Question 6: How can I become qualified to band hummingbirds?


nswer: In order to obtain a permit to band any bird you must have a research program that is acceptable to the Bird Banding Laboratory (BBL), the agency of the U.S. Geological Survey that issues banding permits, and you must be permitted to band by the state in which you wish to do your research. At one time, anyone could get a banding permit to band birds in the backyard, and all that was required was the submission of a banding report at the end of the year. In recent years, however, the BBL has become much more restrictive in the issuing of permits, usually approving them only for persons affiliated with an agency, university, or other organization that has an established ornithological research program or mission. If you want to band hummingbirds, you must have a need to band them in order to find out something about hummingbirds that you could not learn in any other way. Most of the reasons for banding are related to the ability to identify individual birds. For example, the only way to know the age of a wild bird is to catch the same individual again after it has been banded. To monitor populations of hummingbirds, we learn about the recapture rate of birds banded in prior years by identifying individual birds. Although we can learn where members of a species go when they migrate simply by finding that species in a southern location, we cannot know where the individuals came from without being able to trap birds and examine their bands. If you are interested in becoming a licensed hummingbird bander, you must train with a bander certified by the BBL. This involves apprenticing at a banding location, learning how to identify all species that might occur at the location and how to determine age and sex of each individual. You learn how to cut and form bands, what size band is appropriate for which bird, and how to apply the band. You also learn how to measure and weigh a bird, record data, feed the bird, and use a computer program to record and submit your information to the BBL


annually. Some people do not have the manual dexterity to handle the tiny bands and tiny birds, and some are not careful enough to ensure that the birds would be safe during trapping and handling. To find out where you can learn more about banding birds, talk to a licensed hummingbird bander in your area.

Question 7: What should I do if I see or rescue an injured hummingbird?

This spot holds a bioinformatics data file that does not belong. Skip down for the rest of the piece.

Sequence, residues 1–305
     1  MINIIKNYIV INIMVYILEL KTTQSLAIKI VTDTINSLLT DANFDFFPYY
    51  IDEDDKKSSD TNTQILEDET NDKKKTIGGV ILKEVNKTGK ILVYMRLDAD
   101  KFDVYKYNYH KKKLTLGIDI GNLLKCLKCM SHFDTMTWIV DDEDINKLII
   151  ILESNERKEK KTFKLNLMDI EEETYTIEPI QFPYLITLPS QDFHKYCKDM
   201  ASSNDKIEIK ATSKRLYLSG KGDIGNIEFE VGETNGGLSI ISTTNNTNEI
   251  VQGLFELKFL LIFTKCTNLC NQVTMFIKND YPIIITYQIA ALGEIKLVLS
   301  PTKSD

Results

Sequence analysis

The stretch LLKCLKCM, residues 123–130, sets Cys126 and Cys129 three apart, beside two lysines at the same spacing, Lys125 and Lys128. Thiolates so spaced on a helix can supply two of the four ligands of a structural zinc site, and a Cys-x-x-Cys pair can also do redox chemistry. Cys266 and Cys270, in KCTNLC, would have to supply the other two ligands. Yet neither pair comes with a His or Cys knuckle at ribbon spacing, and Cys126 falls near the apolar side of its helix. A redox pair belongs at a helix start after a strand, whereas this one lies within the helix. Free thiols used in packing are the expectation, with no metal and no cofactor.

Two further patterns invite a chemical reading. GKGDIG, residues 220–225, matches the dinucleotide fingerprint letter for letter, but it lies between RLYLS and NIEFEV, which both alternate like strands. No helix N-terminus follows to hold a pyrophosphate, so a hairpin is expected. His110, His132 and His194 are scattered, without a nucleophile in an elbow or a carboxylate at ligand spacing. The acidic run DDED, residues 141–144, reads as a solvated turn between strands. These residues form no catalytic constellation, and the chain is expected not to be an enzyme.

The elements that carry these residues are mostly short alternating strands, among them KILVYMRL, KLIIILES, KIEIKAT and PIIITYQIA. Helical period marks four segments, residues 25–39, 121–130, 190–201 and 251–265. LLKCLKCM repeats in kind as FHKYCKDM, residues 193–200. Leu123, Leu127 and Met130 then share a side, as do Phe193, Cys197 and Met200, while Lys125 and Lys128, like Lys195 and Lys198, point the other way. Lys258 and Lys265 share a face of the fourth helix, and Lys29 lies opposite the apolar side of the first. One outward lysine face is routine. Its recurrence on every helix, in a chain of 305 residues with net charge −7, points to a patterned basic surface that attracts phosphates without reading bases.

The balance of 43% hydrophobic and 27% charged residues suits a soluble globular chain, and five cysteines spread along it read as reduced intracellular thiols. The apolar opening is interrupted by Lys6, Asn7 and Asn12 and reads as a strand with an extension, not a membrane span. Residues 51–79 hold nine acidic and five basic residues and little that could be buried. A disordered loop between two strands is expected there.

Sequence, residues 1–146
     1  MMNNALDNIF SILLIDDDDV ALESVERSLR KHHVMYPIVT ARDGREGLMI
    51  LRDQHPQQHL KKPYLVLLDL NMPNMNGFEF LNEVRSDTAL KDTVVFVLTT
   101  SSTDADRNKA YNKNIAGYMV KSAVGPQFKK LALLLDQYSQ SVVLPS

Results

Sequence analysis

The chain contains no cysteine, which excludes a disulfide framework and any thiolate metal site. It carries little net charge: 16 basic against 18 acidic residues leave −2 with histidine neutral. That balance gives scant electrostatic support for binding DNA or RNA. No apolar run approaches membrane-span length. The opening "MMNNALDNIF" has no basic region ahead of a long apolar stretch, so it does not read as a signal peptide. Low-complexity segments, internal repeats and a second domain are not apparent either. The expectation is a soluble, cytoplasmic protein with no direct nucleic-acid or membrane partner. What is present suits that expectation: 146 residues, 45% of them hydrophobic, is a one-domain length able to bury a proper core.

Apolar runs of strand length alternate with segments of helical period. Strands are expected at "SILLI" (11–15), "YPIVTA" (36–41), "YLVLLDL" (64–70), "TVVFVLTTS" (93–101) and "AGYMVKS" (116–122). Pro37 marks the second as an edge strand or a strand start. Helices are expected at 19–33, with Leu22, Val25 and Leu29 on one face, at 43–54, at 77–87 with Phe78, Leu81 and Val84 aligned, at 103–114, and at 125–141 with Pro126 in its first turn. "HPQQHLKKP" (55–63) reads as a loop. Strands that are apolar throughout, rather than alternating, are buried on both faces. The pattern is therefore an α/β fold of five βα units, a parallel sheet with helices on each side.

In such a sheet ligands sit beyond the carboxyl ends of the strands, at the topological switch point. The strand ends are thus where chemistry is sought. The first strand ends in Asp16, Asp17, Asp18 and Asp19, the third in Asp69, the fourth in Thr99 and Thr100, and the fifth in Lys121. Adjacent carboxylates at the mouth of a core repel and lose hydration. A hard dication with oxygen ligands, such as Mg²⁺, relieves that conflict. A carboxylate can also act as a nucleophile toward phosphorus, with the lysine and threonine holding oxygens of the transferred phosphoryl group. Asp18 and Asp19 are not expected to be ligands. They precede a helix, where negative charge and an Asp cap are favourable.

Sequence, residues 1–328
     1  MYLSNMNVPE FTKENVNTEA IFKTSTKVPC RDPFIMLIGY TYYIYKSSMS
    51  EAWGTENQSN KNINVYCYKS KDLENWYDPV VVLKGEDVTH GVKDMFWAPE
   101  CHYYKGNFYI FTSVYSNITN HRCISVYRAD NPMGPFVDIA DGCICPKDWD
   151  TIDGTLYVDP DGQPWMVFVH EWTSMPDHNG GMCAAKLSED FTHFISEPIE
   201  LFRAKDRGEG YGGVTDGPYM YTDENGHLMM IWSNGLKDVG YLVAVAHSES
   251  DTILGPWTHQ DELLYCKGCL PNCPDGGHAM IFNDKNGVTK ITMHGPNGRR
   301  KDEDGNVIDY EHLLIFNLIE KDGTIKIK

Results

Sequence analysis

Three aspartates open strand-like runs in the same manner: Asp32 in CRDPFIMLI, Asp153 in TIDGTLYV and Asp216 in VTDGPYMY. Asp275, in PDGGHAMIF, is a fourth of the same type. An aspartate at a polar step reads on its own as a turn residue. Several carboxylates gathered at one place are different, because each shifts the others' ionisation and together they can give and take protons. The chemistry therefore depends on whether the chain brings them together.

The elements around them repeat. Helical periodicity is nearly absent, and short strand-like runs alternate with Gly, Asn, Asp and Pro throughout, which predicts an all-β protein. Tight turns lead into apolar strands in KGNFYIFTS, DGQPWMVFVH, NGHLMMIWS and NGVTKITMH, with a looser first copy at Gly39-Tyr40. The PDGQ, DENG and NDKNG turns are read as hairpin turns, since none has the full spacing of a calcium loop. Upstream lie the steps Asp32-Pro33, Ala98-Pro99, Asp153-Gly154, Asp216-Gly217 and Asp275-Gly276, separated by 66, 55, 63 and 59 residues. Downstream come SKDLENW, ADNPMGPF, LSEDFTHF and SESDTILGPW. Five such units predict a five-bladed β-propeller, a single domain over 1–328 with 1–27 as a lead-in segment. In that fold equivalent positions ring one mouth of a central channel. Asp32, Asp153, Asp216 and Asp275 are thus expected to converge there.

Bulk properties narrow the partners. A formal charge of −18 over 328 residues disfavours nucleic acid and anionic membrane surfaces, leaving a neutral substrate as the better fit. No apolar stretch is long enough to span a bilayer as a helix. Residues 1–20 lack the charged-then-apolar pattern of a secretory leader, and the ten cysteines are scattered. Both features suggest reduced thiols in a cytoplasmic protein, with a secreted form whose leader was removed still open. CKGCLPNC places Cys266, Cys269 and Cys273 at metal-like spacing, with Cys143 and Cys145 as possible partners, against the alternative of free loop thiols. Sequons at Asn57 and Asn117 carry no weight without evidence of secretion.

Answer: Although as a general rule it is illegal for anyone but a licensed bander or rehabilitator to touch so much as a feather of a hummingbird, anyone is permitted to rescue a bird that is in danger. The U.S. Fish and Wildlife Service amended the regulations governing the handling of migratory birds (50 CFR Part 21) effective November 5, 2007, to allow anyone to remove a hummingbird from a building “in which a bird might pose a threat to themselves, to public health and safety, or to commercial interests.” The ruling specifies that the bird “must be captured using a humane method and, in most cases, immediately released into the wild. . . . An exhausted, ill, injured, or orphaned bird must be immediately sent to a rehabilitator.” If you believe a hummingbird is injured or otherwise debilitated and cannot fly, it is safest to gently place the bird in a cloth mesh bag (a knee-high stocking will do) inside a dark box until it can be delivered to a rehabilitator. Contact the nearest rehabilitation facility or veterinarian and ask if they will treat the bird. In the meantime, you can make up a solution of sugar water so you are prepared to give the bird some nourishment (see Chapter 7, Question 5: How do I make nectar to put in my hummingbird feeder?). If the rehabilitation facility advises it, you can dip the tip of the bill into the solution and see if the bird will feed. You can tell it is feeding by watching for pulsations in its throat as its tongue goes in and out as it sips the solution, but often a bird in this situation will not feed. If you encounter a dead hummingbird—or any dead bird— with a band, you should remove the band (you can open a hummingbird band with your fingernails or small tweezers), flatten



it out, copy down the letter and five numbers, and either go on the Web to report the band to the BBL or telephone them tollfree at 1-800-327-BAND to report the information. The BBL will find out where and when the bird was banded, and they will send you a report. The dead bird should go to a licensed bander, who is permitted to donate it to a public scientific or educational institution within six months. Veterinarians are authorized under their license to dispose of dead birds, so if you cannot locate a bander, take the bird to your local veterinarian or animal hospital. Statistics are collected on the deaths of all migratory birds, and these experts are mandated to make the appropriate reports.

Question 8: What can I do to help support the conservation and protection of hummingbird populations?


nswer: If we wish to have hummingbirds in our lives and for future generations to enjoy, we need to make sure they have what they need to reproduce successfully and maintain viable populations. Increased development and cutting of native forests are major threats to the survival of the large variety of hummingbirds throughout the Americas, and while some species of hummingbirds will adapt, it is evident that others will not. Warming climates change the timing of flowering of the plants on which hummingbirds depend for their energy supply, and this disturbs the mutualism that enables the plants and their pollinators to thrive. To understand these changes and to determine how to improve hummingbirds’ ability to survive, it is important to continuously monitor hummingbird populations and the changes in the plant species that provide them with nectar. The Hummingbird Monitoring Network (HMN) tracks the variety and number of hummingbirds at more than thirty sites in the western United States and southern Canada. The HMN is expanding the number of sites in all states from Texas westward and